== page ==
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sulynn49 Give yourself a break and a hug. I don't think people meant to sound critical or judgemental just concerned. It's hard to get a complete picture from questions sometimes. Everyone needs space or they'd crack up. If you know that you are doing your best and your Mum is safe then ask what the person meant, what other help can they offer or point you in the direction off. I hope you find the help & support you need to continue to do an awesome job.
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Thanks for all the input but I feel the need to clarify a few things...Mom does have PD and the dementia that goes with it, but she's in no way 'alone' or is her situation 'sad' because she has ME to attend to her every need. No one else has ever mentioned 'neglect'...in fact, her primary doctor has reminded her often to be thankful that she has a daughter taking such good care of her. It was the Hospice nurse that brought the subject up apparently to protect herself. My mother is in a clean, pleasant home and is where she wants to be. I'm sorry...I can't be at the edge of her bed every single minute of the day and she doesn't really need that since she sleeps allot and prefers to stay in bed. Hospice will not provide 24/7 care and the volunteers are scarce in this county. I'm going to try and get 'help' for the time I take to go shopping once a week, if someone is available and also clarification on this issue. I'm doing the best that I can...which I thought wasn't half bad until this comment was made. I can not 'move in' with her nor bring her into my home...she is very difficult to deal with and I absolutely have to have a space of my own to continue to do this. I hope to find an answer to this.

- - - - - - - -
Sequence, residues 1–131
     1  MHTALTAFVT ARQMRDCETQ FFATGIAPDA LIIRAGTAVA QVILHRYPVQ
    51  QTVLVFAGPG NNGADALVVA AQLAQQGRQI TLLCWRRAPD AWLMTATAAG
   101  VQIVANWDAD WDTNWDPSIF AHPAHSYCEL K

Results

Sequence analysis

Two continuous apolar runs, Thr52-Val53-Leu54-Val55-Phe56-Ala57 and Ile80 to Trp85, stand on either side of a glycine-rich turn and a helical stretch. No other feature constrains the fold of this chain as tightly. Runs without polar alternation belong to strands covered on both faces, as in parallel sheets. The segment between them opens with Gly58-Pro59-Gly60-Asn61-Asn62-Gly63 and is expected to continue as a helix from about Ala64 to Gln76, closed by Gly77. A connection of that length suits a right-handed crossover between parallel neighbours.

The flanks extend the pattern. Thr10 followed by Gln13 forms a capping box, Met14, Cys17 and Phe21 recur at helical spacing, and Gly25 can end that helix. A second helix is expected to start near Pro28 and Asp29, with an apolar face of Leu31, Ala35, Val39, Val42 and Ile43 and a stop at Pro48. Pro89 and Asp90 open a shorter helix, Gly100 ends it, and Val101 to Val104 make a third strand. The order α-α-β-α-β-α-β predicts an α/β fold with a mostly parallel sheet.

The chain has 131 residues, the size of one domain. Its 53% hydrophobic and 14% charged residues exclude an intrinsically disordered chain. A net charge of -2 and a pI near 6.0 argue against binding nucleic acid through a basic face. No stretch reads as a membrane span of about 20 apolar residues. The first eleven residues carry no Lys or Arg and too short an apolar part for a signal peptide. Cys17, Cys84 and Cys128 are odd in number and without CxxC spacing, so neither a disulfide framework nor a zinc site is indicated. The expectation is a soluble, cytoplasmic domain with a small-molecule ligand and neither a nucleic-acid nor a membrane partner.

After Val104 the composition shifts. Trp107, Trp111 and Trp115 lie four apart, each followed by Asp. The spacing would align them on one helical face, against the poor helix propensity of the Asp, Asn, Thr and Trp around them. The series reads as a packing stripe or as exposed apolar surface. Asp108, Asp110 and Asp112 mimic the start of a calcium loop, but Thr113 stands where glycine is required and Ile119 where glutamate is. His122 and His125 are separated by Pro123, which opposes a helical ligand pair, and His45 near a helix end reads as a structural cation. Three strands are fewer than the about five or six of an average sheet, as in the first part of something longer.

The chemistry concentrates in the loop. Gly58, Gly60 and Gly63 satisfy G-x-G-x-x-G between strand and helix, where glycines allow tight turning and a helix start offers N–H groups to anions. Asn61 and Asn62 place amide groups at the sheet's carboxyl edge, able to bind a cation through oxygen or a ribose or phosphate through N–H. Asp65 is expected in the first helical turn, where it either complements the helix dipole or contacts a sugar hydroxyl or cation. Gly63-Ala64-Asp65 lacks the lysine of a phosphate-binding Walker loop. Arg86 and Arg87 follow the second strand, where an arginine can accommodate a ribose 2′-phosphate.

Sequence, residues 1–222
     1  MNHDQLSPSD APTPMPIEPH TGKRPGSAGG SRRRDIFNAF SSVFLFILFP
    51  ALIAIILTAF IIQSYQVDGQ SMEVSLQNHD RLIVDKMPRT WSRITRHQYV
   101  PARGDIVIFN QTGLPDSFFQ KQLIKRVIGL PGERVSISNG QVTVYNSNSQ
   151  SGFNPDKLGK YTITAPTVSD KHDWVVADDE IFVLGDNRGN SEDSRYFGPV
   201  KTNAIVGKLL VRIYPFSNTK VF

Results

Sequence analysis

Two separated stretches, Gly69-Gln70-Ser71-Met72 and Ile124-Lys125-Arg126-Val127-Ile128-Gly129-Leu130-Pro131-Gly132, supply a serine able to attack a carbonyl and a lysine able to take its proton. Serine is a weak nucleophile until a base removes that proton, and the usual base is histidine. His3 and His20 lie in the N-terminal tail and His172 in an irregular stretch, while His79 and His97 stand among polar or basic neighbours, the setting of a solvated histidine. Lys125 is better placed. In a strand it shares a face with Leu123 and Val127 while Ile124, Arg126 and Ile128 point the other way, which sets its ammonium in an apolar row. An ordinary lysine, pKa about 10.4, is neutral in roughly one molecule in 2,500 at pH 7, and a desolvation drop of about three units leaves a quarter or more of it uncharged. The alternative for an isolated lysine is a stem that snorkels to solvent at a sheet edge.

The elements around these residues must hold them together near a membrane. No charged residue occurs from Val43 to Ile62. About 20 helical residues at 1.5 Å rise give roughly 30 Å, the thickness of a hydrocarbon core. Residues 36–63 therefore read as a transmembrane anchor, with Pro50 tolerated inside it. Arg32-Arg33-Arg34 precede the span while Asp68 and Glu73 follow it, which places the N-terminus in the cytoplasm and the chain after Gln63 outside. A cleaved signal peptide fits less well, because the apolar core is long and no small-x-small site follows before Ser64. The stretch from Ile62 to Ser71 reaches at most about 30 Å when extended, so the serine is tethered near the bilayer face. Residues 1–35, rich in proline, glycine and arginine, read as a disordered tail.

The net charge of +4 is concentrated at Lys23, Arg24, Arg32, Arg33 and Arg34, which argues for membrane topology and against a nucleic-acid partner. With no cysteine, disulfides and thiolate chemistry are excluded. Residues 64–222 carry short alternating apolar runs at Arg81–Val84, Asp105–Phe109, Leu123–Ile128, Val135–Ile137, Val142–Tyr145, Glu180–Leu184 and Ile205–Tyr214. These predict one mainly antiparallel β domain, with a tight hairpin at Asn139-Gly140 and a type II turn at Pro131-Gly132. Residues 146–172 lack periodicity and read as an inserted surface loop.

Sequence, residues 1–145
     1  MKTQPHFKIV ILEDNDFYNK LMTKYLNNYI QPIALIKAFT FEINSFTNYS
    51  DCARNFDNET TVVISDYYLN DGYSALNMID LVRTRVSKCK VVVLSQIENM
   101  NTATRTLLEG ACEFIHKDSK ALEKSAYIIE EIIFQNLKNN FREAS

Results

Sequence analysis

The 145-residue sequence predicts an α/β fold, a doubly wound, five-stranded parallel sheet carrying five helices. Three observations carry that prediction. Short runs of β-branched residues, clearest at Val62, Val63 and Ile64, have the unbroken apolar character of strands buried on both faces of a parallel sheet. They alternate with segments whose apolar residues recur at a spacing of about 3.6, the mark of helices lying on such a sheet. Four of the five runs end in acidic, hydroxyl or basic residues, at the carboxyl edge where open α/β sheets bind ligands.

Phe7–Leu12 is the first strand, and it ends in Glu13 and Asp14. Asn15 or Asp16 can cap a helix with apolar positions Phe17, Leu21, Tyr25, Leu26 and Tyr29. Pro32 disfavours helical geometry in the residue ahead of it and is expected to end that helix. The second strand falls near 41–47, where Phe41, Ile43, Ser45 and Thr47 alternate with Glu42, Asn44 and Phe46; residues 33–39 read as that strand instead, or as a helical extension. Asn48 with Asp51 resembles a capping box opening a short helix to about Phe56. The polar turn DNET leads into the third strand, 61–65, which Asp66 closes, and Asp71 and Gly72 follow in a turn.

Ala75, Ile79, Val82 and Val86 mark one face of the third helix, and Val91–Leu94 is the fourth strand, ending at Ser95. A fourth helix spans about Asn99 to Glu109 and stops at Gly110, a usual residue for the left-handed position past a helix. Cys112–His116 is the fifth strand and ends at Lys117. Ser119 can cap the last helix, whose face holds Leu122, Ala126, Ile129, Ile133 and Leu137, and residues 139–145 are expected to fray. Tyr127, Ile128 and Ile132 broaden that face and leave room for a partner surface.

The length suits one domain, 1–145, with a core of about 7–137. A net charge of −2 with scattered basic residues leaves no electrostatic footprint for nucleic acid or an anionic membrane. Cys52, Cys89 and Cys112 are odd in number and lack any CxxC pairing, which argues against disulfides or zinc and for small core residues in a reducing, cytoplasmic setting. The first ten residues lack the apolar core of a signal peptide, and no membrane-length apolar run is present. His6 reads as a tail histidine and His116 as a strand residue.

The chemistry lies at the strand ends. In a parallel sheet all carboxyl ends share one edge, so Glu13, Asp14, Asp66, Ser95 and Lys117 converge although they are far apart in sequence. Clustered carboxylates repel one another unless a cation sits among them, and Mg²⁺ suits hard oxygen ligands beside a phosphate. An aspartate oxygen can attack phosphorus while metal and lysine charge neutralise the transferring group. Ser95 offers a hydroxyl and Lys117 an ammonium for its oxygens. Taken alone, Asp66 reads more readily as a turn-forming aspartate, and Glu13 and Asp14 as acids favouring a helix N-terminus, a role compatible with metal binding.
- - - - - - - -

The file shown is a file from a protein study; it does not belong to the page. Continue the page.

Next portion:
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JeanneG, always tactful and diplomatic too! Did you hear that Americans of every political party are looking for a few good candidates, for president.
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About costs ... Medicare pays for Hospice care. They do not cover rent. So if someone moves into a Hospice House the "rent" part of the cost must be paid by the patient. The Hospice organization we used said they had "scholarship" funds available and, depending how donations were at any given time, could often absorb all or part of the rent costs. (As it turned out, we did not use the hospice house -- I was just exploring the "what if" situations.)